Hypertension is the medical terminology for elevated blood pressure. Although the word hypertension is often used loosely, it simply means a condition of higher than normal pressure within the arteries (the vessels that supply blood to the body). Having a blood pressure is normal and very important to life, after all it’s the pressure differential that provides direction of blood flow. However when blood pressure becomes higher than normal, it begins to damage the organs it was meant to supply blood. 

Below  are top 8 facts you should know -particularly if you are Black: 

  1. According to the US Centers for Disease Control and Prevention (CDC)  one of  the leading cause of death in African American population is cardiovascular (heart) disease. Hypertension is a major contributor to cardiovascular disease (heart disease)
  2. The United States Preventive Task force USP STF found good evidence that screening for and treatment of high blood pressure in adults substantially reduces the incidence of cardiovascular events. 
  3. About 40% of adult men and women over the age of 20 carry the diagnosis of hypertension. 
  4. The long-standing effects of elevated blood pressure is manifested as stroke, heart disease, kidney disease. 
  5. Without routine screening and early detection, elevated blood pressure can start to cause irreversible damage to our organs.
  6. Some symptoms of elevated high blood pressure can be headaches, shortness of breath, chest pain, nose bleeds, and blurred or loss of vision. These symptoms usually call for more urgent attention and should not be ignored.
  7. Know thyself: individuals with high-normal blood pressure 120 to 139/85 to 89 mm Hg, and/or who are obese or overweight should be screened yearly.  
  8. Individuals 40 years and older and those with the risk of high blood pressure such as obese, overweight, or family history of hypertension should have their blood pressure check yearly. 


When in doubt, make the vital signs vital. Get in the habit of routinely checking your blood pressure. Be proactive about your health and consult your physician if you have any questions or concerns. When it comes to hypertension, prevention and early detection is key. Look out for my next post on 7 simple steps or routine you can do to prevent or lower the risk of high blood pressure. Let’s get loud about the silent killer. Stay healthy!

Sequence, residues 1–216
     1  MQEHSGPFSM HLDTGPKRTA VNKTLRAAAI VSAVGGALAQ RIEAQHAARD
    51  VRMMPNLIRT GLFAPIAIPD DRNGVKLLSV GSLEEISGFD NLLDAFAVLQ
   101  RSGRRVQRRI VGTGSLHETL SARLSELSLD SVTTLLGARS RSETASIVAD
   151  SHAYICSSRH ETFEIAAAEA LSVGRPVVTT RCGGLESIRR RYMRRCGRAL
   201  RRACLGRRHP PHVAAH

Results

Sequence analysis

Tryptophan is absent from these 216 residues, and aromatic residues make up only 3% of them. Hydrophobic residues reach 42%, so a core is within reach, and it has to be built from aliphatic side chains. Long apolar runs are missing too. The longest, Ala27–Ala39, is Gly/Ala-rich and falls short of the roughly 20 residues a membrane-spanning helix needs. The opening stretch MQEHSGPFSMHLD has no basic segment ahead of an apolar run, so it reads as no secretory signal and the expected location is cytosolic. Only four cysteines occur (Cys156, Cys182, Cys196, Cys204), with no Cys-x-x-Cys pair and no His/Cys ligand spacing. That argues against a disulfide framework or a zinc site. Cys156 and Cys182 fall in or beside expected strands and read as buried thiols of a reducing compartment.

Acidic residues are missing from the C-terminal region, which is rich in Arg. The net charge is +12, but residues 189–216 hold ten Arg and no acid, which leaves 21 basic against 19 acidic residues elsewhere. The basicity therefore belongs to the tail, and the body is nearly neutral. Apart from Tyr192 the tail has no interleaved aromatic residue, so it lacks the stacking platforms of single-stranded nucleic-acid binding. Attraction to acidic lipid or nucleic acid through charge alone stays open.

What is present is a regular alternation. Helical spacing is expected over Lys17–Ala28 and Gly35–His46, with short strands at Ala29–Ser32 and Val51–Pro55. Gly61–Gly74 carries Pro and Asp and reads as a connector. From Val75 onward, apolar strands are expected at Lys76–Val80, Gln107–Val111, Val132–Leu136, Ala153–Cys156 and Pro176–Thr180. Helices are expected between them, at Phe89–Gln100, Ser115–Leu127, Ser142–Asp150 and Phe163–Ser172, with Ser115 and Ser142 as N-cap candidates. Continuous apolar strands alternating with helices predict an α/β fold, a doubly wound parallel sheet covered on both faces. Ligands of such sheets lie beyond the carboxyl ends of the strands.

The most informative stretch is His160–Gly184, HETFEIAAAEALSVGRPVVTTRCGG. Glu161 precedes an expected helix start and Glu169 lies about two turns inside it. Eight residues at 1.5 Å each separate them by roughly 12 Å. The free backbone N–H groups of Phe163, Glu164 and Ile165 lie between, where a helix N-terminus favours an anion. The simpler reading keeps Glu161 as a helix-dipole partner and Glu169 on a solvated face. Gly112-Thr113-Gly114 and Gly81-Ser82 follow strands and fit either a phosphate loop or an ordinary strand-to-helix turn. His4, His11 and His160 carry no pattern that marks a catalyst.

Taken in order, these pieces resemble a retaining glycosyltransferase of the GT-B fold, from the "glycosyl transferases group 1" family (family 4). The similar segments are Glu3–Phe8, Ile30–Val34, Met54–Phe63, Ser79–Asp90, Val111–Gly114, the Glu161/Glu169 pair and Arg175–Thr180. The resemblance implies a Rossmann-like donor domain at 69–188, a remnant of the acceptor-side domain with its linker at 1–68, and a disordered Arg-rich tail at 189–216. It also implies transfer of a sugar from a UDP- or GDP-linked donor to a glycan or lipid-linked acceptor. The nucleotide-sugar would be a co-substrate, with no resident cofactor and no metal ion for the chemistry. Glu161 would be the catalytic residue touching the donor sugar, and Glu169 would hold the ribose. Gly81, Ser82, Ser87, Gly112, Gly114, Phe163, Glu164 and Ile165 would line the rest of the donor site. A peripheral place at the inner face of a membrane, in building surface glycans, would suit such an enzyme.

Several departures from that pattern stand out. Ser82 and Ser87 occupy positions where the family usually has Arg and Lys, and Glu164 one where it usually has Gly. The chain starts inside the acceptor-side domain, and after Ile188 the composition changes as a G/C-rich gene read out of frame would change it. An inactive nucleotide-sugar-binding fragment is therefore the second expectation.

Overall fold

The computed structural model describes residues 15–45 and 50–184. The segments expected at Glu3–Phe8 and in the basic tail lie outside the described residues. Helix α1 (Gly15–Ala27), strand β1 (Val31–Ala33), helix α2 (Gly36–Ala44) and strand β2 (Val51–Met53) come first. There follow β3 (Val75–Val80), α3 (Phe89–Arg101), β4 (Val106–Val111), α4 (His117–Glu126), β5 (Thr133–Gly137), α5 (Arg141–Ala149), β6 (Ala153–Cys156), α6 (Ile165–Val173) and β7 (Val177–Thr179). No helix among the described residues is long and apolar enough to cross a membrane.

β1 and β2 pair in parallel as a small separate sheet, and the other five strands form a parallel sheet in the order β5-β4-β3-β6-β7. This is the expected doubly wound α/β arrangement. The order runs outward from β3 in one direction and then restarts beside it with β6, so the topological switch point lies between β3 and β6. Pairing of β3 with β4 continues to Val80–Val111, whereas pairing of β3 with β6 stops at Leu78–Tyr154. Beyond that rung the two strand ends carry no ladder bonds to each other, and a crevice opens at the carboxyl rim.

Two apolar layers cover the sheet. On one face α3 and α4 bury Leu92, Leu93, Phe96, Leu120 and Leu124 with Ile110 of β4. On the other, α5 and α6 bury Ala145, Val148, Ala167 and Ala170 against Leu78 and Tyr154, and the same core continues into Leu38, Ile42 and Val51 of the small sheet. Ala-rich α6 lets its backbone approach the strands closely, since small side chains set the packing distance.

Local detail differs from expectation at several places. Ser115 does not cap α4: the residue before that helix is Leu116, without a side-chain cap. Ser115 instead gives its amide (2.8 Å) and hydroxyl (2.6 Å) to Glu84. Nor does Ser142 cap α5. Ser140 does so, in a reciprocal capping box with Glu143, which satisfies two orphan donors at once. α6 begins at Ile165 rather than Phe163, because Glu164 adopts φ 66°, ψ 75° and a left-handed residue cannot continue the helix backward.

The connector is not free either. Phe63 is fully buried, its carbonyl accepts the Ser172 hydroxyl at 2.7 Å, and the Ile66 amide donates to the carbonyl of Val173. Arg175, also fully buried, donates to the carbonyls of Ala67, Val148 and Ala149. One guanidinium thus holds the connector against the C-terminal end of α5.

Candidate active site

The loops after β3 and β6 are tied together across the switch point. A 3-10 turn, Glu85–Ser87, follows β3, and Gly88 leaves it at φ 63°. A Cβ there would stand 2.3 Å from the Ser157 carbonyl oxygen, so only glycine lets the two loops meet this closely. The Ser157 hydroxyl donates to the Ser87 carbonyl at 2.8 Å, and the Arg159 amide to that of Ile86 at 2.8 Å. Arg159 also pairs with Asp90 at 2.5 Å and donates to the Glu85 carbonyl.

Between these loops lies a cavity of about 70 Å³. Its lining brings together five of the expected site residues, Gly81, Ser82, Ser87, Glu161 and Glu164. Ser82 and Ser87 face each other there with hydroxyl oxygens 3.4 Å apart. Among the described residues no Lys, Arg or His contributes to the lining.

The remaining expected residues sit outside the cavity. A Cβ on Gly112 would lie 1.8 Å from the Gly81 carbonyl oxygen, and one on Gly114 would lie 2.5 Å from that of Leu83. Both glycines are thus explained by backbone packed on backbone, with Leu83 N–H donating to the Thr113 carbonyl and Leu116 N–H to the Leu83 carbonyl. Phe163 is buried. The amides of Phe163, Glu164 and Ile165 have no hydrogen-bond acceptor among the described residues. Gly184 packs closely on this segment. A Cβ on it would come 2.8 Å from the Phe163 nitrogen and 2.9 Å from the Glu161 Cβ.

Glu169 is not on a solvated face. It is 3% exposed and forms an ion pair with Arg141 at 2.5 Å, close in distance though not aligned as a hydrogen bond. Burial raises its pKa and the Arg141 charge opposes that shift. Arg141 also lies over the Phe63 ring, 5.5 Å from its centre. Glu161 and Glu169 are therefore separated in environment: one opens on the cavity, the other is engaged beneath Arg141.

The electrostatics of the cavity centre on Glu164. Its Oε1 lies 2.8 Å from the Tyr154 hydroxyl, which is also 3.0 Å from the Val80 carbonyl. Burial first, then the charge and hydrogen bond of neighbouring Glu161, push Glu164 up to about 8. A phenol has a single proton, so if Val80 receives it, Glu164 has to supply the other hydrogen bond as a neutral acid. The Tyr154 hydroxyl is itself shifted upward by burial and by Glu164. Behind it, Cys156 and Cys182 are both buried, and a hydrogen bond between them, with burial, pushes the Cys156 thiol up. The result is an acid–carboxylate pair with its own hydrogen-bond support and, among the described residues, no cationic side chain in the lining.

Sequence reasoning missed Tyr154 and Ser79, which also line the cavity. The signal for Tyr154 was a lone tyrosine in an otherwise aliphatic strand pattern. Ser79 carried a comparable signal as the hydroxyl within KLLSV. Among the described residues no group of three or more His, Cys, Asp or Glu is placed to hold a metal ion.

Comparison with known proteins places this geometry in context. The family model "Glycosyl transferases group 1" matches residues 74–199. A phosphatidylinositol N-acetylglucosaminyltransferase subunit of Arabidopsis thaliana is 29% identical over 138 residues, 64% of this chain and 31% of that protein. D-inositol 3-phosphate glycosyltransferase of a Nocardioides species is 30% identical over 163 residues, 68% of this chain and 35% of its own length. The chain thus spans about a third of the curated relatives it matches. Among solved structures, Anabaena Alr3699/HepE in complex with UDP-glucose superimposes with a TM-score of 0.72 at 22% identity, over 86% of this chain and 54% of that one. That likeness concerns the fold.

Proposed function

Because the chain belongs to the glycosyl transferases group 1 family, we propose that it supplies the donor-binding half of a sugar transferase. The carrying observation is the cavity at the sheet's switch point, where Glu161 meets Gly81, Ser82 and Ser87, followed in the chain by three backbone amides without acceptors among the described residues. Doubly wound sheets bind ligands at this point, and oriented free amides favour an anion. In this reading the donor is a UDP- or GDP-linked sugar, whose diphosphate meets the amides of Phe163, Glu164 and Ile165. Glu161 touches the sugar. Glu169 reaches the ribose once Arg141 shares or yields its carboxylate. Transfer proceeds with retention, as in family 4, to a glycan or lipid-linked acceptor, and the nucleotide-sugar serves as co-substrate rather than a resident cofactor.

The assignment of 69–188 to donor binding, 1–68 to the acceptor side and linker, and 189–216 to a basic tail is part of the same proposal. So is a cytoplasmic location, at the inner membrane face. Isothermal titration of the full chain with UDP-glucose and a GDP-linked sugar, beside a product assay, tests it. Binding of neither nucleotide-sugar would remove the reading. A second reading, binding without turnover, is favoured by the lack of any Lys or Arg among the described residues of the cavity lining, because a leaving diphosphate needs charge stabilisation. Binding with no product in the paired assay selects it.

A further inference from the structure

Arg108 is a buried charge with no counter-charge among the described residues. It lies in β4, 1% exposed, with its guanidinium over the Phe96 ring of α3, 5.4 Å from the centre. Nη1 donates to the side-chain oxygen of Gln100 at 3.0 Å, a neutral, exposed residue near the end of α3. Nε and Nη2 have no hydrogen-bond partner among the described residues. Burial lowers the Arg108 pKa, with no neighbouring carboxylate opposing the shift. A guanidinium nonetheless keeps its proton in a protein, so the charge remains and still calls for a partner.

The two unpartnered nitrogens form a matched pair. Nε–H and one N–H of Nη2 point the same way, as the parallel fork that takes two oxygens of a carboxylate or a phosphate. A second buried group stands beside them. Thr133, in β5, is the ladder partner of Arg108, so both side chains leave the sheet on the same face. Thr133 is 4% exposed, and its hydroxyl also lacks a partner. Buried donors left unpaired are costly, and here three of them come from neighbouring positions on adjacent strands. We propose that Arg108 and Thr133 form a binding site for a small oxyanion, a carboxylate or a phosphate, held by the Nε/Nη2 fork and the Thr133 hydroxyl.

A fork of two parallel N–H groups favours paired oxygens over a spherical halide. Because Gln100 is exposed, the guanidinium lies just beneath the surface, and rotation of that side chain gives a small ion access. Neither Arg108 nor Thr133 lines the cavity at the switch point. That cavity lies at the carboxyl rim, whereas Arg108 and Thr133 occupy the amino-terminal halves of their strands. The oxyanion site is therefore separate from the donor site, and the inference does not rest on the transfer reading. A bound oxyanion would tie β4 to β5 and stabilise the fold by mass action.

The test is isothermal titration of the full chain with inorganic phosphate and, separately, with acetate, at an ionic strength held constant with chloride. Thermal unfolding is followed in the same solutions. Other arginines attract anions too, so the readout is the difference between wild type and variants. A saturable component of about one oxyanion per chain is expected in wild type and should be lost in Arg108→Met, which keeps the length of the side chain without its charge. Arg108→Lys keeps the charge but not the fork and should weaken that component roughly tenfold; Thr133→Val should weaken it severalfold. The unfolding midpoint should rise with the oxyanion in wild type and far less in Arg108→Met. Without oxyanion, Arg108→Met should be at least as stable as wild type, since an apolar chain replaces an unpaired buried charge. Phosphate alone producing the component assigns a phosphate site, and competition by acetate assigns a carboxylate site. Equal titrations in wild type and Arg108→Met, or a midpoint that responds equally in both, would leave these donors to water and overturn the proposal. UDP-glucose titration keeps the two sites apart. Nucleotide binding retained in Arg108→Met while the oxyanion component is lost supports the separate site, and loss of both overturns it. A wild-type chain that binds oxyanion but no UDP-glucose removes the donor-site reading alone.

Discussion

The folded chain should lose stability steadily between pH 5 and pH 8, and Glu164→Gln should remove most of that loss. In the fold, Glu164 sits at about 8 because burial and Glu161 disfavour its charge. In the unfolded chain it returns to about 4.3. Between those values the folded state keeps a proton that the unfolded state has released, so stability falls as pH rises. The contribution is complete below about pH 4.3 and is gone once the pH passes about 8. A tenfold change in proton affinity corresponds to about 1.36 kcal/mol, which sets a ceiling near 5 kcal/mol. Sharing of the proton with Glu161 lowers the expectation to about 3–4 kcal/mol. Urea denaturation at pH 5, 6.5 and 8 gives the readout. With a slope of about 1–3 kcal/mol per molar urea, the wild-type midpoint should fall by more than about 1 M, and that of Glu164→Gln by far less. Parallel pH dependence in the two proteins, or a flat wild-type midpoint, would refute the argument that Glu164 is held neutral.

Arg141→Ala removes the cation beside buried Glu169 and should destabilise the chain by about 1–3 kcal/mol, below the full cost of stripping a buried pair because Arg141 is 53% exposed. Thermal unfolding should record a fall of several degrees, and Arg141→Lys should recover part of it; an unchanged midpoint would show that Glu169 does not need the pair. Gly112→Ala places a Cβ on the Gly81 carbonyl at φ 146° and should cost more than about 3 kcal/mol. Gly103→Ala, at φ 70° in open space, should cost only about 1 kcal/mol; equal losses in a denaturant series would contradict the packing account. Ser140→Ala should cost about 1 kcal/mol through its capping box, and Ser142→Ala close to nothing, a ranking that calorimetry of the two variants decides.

1. Centers for Disease Control and Prevention. Health of Black or African American non-Hispanic Population. (2013-2016). Retrieved on 31 January, 2020.  https://www.cdc.gov/nchs/fastats/black-health.html
  2. Final Recommendation Statement: High Blood Pressure in Adults: Screening. U.S. Preventive Services Task Force. April 2019. https://www.uspreventiveservicestaskforce.org/Page/Document/RecommendationStatementFinal/high-blood-pressure-in-adults-screening
  3. Understanding Blood Pressure Readings. https://www.heart.org/en/health-topics/high-blood-pressure/understanding-blood-pressure-readings. Last Reviewed Nov 30, 2017. Retrieved on Feb 5, 2020.

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About the Author: Olapeju F. Olasokan, MD is an internal medicine trained physician practicing as a hospitalist in Cleveland Ohio. Olasokan was born and raised in Nigeria, West Africa where she completed her high school education before relocating to the United States. She completed her undergraduate degree in Biology and Psychology at CUNY, and went on for medical education at Stony Brook University where she graduated with a distinction in research. Olasokan has been able to deliver evidence-based medicine wrapped around compassion and care. She has a unique interest in preventive care and public healthcare policies. She is an active Member of the American College of Physicians (ACP) and the Society of Hospital Medicine (SHM). Olasokan has a passion for mentoring young and aspiring physicians of color. She looks forward to sharing her knowledge on the AfroGist Media Platform.


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